HuffingtonPost also has "a wide variety of avenues" in terms of an exit for venture investors, Hippeau said. While it could conceivably go public one day, it seems more likely to become an acquisition candidate--either for a Web portal, a traditional media company or a content-driven online suitor.
And, the lead investor assures us, this will have no impact on the politically independent voices Arianna has assembled.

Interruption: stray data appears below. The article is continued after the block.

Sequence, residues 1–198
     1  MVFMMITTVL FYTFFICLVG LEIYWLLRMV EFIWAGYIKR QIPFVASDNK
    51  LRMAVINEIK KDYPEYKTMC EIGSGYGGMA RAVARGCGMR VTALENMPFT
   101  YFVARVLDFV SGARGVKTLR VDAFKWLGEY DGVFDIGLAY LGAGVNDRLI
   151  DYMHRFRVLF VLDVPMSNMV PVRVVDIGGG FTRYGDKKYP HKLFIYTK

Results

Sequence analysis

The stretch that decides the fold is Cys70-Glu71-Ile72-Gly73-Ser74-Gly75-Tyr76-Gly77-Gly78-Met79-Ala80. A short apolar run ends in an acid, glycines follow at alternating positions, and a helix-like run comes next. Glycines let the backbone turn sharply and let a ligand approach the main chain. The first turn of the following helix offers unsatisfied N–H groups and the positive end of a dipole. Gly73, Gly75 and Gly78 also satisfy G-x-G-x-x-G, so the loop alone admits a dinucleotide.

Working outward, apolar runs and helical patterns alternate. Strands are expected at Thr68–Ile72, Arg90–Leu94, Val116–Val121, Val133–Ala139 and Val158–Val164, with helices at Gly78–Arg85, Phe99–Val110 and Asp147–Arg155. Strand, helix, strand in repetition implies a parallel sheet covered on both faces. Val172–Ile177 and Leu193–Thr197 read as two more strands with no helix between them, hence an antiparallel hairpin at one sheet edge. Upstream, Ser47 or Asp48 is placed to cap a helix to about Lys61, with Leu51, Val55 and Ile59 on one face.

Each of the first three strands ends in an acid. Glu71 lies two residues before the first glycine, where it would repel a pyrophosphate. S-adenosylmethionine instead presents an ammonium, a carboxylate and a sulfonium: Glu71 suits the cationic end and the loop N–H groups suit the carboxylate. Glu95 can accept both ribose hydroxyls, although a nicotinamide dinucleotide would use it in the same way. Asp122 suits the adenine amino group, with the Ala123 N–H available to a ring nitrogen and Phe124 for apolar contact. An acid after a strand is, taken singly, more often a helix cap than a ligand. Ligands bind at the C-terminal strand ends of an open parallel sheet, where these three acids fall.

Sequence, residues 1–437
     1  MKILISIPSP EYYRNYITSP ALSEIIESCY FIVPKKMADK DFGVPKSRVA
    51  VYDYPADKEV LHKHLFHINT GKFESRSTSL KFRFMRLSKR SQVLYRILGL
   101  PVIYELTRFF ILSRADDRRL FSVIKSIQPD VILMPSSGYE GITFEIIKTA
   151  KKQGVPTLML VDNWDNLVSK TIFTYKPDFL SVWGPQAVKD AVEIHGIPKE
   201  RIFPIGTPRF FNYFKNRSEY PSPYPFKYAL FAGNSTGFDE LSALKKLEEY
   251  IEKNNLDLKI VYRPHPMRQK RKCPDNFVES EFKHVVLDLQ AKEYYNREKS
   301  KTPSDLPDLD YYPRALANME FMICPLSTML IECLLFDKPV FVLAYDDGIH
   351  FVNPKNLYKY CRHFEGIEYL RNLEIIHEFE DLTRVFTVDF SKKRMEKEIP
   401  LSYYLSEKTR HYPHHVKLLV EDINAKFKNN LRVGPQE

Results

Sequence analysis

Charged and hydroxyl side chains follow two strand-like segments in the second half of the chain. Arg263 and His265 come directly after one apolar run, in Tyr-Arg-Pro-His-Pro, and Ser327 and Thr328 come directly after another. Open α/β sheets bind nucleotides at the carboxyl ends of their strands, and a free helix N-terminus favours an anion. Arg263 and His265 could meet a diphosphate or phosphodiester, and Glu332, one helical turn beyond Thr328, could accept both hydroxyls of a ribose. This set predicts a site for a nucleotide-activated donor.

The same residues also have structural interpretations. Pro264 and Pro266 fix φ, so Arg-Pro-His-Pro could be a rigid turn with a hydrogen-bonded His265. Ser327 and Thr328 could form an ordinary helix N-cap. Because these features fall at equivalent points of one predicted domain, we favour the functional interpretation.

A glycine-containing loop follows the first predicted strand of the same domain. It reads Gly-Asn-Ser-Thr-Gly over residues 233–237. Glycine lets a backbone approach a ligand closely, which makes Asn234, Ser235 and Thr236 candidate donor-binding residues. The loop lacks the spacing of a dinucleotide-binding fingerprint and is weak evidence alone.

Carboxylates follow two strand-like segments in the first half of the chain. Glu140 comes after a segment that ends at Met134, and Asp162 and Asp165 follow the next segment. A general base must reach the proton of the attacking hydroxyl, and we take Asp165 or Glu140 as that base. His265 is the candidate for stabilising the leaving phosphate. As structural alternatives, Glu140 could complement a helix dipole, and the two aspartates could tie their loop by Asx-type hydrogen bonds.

Hippeau said he was unconcerned about HuffingtonPost's left-wing political slant upsetting limited partners and did not regard the investment as akin to a political contribution. "We have no involvement in the editorial side, and we are a minority shareholder," he noted.This should be interesting to watch unfold. We know selected bits of the web-as-media smell like cash to MSM investors: Murdoch felt moved to buy up MySpace. The political uses of MySpace are speculative for now but far from nonexistant. Was Huffington looking for the money or did the money come looking for a place to grow [as Hippeau seems to claim]? How would Huffington have responded to Murdoch money, in the unlikely scenario that any would be offered? Though its a vague question, what intrigues me most is whether serious money comes to Huffington merely "unconcerned" about its distinctly un-Republican voice or if it is more a matter of some investors finally hedging their typical bets on the mostly paleolithic conservatism of big-money-media investing. What winds are really shifting here?